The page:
Data on asthma burden in pediatric patients are limited; this real-world study investigated exacerbation frequency and health care resource utilization (HCRU) in pediatric asthma patients from the US and England.
Data from pediatric patients (aged 6-17 years) in the Optum claims database (US) or Clinical Practice Research Datalink with linkage to Hospital Episode Statistics (England) were analyzed. Patients were categorized into four hierarchical groups: treated asthma (patients with ≥1 baseline asthma medication), severe asthma (plus Global Initiative for Asthma Step 4/5), severe refractory asthma ([SRA] plus ≥2 baseline severe asthma exacerbations), and eosinophilic SRA (SRA plus blood eosinophil count ≥150 cells/µL). Exacerbation frequency and HCRU during the 12 months postindex were described.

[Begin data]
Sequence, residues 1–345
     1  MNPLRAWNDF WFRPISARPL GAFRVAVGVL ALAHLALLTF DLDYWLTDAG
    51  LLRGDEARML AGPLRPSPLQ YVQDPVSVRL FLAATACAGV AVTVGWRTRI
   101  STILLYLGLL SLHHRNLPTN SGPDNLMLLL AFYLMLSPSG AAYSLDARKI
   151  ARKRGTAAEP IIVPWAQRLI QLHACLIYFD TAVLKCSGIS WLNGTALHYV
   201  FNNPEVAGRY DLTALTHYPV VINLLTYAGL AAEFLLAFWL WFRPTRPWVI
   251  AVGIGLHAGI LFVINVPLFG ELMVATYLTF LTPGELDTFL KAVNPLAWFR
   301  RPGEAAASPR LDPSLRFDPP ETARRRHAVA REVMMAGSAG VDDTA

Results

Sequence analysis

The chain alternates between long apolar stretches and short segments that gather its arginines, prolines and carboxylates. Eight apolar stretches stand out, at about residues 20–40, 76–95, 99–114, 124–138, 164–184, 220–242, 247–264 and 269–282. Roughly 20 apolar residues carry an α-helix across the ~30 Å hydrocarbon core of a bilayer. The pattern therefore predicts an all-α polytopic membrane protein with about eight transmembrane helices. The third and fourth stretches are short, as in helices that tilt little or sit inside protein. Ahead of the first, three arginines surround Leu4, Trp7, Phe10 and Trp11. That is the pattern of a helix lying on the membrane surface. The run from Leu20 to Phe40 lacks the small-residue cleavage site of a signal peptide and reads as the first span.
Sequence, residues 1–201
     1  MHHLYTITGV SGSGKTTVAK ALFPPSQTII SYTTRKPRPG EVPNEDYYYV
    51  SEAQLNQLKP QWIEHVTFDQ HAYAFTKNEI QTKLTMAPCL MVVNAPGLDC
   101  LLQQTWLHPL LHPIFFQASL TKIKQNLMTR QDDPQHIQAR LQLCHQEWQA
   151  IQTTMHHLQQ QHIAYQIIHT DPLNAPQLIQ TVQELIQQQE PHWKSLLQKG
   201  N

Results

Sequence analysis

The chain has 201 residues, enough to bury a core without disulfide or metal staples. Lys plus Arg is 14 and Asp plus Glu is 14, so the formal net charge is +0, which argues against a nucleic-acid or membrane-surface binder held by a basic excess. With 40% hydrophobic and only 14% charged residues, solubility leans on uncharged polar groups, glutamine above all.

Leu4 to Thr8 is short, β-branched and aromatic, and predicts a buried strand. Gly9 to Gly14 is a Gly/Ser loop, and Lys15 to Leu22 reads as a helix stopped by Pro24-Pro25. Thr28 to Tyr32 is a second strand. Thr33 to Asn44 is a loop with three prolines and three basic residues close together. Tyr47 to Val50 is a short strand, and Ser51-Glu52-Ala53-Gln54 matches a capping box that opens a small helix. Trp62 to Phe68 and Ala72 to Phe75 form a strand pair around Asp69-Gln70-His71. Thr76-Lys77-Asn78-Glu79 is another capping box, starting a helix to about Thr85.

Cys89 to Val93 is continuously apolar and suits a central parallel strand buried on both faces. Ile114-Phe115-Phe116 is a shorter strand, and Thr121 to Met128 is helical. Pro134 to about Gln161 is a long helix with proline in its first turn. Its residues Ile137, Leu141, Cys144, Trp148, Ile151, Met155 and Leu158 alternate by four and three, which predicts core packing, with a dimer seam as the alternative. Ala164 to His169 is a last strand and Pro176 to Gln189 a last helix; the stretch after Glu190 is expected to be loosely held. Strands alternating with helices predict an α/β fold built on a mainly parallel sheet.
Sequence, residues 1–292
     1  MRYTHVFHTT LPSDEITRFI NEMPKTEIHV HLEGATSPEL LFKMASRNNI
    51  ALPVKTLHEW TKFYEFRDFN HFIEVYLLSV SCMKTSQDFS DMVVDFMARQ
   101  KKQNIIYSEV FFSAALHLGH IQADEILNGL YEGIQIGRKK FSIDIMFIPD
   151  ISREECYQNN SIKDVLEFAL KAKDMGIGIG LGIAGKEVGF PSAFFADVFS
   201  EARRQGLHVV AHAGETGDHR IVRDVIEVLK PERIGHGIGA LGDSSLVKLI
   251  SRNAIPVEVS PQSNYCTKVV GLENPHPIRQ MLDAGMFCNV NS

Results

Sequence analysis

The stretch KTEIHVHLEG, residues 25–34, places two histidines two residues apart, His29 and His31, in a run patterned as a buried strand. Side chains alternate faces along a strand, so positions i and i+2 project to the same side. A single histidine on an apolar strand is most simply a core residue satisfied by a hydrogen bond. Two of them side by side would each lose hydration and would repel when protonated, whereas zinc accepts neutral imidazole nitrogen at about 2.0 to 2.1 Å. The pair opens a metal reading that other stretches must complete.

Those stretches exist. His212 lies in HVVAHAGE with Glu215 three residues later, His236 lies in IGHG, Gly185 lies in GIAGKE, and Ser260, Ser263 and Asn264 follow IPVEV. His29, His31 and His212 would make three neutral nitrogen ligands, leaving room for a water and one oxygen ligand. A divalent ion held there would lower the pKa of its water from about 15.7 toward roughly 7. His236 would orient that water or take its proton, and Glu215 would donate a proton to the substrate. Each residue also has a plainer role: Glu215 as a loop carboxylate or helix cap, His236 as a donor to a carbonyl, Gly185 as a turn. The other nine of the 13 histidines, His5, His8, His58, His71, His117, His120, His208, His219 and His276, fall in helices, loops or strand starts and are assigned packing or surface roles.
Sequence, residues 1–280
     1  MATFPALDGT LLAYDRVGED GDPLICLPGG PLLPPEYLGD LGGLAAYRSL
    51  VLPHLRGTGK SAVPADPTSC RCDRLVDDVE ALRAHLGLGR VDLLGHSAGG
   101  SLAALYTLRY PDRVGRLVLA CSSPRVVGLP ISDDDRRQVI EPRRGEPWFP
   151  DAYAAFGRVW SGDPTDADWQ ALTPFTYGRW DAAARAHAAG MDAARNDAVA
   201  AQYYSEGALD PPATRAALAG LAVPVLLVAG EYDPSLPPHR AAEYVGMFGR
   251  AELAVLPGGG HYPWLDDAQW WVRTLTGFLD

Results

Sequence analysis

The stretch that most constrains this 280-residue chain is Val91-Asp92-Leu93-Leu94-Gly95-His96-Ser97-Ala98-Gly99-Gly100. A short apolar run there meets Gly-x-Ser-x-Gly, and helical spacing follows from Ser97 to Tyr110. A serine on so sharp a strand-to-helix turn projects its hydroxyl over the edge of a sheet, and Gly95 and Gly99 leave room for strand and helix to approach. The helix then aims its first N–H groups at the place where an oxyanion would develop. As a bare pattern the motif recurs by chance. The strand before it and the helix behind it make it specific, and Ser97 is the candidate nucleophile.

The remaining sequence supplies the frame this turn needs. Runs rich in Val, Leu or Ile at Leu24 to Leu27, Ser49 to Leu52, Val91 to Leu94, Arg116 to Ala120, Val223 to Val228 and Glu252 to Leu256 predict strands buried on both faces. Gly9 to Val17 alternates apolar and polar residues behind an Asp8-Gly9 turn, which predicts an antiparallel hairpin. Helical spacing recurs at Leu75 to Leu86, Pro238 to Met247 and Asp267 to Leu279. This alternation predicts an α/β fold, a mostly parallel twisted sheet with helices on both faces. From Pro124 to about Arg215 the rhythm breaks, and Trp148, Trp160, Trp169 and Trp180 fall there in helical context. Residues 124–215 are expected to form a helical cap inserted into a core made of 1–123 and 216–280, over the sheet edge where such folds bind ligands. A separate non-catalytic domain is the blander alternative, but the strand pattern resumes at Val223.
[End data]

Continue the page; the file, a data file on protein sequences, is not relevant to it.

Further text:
Of 151 549 treated asthma patients in the US, 18 086 had severe asthma, 2099 SRA, and 109 eosinophilic SRA. There were 32 893 treated asthma patients in England, of whom 2711 had severe asthma, 265 SRA, and 8 eosinophilic SRA. In the 12 months postindex, ≥1 exacerbation occurred in 12.4% and 10.8% of patients with severe asthma, and 32.6% and 42.6% with SRA in the US and England, respectively. The proportions of patients with ≥1 asthma hospitalization in the 30 days after the first asthma exacerbation were 2.7% and 4.4% (treated), 3.5% and 8.2% (severe asthma), and 6.0% and 16.8% (SRA) in the US and England, respectively.
This study provides insights into current asthma management practices in the US and England and indicates that some patients with severe disease have an unmet need for effective management.

© 2020 The Authors. Immunity, Inflammation and Disease published by John Wiley & Sons Ltd.